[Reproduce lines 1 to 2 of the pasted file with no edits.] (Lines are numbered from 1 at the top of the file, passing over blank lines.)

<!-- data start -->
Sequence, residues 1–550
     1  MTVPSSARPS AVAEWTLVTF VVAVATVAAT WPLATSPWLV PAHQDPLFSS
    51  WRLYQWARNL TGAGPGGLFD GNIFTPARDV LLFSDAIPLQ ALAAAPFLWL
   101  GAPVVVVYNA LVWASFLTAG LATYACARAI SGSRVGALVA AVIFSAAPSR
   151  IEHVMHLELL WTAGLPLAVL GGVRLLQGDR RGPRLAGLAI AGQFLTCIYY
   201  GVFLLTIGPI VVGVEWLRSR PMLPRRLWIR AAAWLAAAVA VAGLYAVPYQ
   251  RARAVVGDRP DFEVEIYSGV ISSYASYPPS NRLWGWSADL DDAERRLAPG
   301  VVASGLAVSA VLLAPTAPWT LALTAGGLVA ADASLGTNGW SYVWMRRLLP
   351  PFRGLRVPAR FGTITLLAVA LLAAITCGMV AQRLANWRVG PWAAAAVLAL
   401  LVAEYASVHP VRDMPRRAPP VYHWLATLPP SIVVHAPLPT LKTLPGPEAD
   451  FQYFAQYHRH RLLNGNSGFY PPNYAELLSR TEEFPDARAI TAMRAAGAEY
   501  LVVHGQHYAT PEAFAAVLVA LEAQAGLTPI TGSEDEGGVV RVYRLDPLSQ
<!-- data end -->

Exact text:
Sequence, residues 1–550
     1  MTVPSSARPS AVAEWTLVTF VVAVATVAAT WPLATSPWLV PAHQDPLFSS